Quote o' the day: Advertising flowers
A flower is basically a weed with an advertising budget.
Rory Sutherland, vice-chairman of Ogilvy & Mather in The death of Don Draper.
Before Christie’s sold Leonardo da Vinci’s Salvator Mundi in 2017, it staged high-profile public exhibitions of the painting around the world, and made an expensively produced video to showcase it – in effect, an ad. On the face of it, all this activity was a flagrant waste of money: almost nobody who consumes the marketing for a da Vinci is in the market for it. Christie’s salespeople knew all the potential buyers personally. They can, and did, visit them in the privacy of their penthouses.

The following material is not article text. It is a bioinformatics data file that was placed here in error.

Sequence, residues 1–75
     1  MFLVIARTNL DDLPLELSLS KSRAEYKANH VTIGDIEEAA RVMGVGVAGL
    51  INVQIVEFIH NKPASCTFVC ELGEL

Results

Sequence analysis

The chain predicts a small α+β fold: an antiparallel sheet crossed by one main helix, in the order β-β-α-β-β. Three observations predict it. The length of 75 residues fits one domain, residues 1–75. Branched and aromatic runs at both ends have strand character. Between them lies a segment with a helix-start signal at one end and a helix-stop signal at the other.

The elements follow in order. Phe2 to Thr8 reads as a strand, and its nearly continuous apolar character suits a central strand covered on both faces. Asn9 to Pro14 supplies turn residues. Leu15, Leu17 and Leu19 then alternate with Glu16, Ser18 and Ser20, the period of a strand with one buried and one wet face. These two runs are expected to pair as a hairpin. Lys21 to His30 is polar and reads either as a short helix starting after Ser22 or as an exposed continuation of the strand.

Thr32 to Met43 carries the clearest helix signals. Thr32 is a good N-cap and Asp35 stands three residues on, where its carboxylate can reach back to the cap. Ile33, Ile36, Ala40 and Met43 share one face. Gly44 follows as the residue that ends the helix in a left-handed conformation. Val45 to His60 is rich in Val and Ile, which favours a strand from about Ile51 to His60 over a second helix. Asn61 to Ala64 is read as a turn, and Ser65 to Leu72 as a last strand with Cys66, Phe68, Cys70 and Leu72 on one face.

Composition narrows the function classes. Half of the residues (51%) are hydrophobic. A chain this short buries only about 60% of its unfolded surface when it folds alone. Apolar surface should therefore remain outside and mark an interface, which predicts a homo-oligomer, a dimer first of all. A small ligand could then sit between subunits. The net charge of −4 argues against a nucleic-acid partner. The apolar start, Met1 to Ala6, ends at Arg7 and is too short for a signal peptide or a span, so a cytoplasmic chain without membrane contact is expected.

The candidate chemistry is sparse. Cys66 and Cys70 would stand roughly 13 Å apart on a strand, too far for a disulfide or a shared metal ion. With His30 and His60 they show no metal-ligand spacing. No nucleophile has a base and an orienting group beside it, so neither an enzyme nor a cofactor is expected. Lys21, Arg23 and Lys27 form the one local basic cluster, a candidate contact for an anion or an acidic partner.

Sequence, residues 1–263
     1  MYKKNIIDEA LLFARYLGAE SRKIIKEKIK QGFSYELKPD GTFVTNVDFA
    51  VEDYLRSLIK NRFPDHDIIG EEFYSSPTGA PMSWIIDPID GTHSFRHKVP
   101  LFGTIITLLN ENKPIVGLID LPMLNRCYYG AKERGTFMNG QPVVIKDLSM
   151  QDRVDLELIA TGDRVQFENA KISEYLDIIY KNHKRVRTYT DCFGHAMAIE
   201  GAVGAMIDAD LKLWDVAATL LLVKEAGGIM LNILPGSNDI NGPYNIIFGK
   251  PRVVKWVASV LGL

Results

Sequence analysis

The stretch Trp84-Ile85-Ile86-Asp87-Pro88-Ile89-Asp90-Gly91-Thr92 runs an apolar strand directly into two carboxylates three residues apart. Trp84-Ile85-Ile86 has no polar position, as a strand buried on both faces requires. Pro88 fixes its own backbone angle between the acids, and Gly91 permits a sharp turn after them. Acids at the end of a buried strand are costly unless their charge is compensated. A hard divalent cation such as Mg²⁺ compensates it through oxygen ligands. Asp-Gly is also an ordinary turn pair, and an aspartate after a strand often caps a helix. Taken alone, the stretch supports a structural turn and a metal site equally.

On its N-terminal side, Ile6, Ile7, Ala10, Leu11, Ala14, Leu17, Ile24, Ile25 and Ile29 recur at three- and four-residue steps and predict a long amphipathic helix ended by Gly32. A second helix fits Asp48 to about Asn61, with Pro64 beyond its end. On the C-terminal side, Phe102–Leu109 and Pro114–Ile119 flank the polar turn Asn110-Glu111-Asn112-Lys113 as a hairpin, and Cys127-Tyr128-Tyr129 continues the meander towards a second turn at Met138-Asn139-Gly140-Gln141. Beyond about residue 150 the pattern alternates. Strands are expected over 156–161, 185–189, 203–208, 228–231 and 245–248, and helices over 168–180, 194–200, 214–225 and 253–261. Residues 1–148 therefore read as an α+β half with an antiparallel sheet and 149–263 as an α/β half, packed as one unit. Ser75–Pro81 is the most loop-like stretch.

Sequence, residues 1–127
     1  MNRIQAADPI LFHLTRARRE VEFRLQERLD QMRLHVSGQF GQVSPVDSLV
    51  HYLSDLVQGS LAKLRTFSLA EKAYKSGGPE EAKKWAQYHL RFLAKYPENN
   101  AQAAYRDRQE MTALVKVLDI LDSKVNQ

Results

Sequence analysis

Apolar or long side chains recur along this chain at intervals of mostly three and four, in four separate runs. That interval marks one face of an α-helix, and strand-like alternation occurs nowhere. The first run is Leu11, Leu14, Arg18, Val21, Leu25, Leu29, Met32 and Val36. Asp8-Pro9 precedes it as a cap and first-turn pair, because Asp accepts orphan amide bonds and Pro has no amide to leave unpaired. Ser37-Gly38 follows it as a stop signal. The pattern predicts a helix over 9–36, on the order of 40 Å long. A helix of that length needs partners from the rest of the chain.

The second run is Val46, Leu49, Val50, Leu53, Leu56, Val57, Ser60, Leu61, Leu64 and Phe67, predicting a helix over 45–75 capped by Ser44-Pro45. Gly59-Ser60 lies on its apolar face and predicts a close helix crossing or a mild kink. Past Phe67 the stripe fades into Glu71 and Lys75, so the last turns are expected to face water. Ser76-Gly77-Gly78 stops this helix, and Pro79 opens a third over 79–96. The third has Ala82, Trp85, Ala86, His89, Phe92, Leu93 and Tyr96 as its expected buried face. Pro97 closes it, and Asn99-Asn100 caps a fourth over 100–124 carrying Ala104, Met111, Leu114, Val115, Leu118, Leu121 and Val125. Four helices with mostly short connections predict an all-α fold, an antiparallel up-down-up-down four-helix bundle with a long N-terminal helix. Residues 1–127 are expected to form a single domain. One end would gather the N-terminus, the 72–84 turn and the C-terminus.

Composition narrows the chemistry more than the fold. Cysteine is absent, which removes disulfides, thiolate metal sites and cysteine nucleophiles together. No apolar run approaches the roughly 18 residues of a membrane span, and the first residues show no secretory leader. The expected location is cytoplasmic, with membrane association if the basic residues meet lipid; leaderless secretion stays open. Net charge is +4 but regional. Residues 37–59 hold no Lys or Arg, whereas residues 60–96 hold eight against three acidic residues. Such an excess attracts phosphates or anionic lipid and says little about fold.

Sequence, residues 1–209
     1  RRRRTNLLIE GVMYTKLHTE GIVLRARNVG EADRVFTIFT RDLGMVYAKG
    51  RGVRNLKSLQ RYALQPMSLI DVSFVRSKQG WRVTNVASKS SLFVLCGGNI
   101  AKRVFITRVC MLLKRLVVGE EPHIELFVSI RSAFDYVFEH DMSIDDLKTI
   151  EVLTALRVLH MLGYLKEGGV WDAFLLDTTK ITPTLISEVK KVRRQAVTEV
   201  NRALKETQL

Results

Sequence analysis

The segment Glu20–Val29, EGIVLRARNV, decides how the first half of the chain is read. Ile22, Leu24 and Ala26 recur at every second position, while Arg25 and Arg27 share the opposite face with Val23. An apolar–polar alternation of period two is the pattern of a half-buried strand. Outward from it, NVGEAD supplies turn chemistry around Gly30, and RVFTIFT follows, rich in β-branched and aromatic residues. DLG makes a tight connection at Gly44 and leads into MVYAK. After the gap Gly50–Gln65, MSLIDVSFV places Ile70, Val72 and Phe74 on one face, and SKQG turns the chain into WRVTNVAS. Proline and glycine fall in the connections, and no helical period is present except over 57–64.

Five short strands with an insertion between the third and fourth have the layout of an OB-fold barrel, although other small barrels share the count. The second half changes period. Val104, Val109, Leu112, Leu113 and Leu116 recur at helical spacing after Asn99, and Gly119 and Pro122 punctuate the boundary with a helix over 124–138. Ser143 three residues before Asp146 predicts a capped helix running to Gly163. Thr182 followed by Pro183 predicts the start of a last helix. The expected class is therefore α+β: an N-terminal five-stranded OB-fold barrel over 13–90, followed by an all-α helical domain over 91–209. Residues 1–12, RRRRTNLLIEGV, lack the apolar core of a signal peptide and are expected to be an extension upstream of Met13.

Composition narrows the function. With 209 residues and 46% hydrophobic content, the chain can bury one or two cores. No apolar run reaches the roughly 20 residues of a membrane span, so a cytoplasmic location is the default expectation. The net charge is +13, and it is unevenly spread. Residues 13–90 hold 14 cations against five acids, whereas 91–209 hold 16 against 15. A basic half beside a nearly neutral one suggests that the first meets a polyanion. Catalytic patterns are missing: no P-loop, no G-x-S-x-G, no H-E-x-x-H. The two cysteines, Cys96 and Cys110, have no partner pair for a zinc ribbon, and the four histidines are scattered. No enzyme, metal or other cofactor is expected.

Yet Christie’s realised that those buyers would pay an extra few million for the privilege of owning a painting that was “iconic”. This isn’t some quirk of billionaire art collectors; it’s human nature. We value things more highly when we know that others value them.
In other news, I’m half through with How to Live, or a life of Montaigne in one question and twenty attempts at an answer by Sarah Bakewell. My cynical response to advertising seems muted by Montaigne’s Pyrrhonism skepticism. It just seems simultaneously ridiculous and loveable. Or something.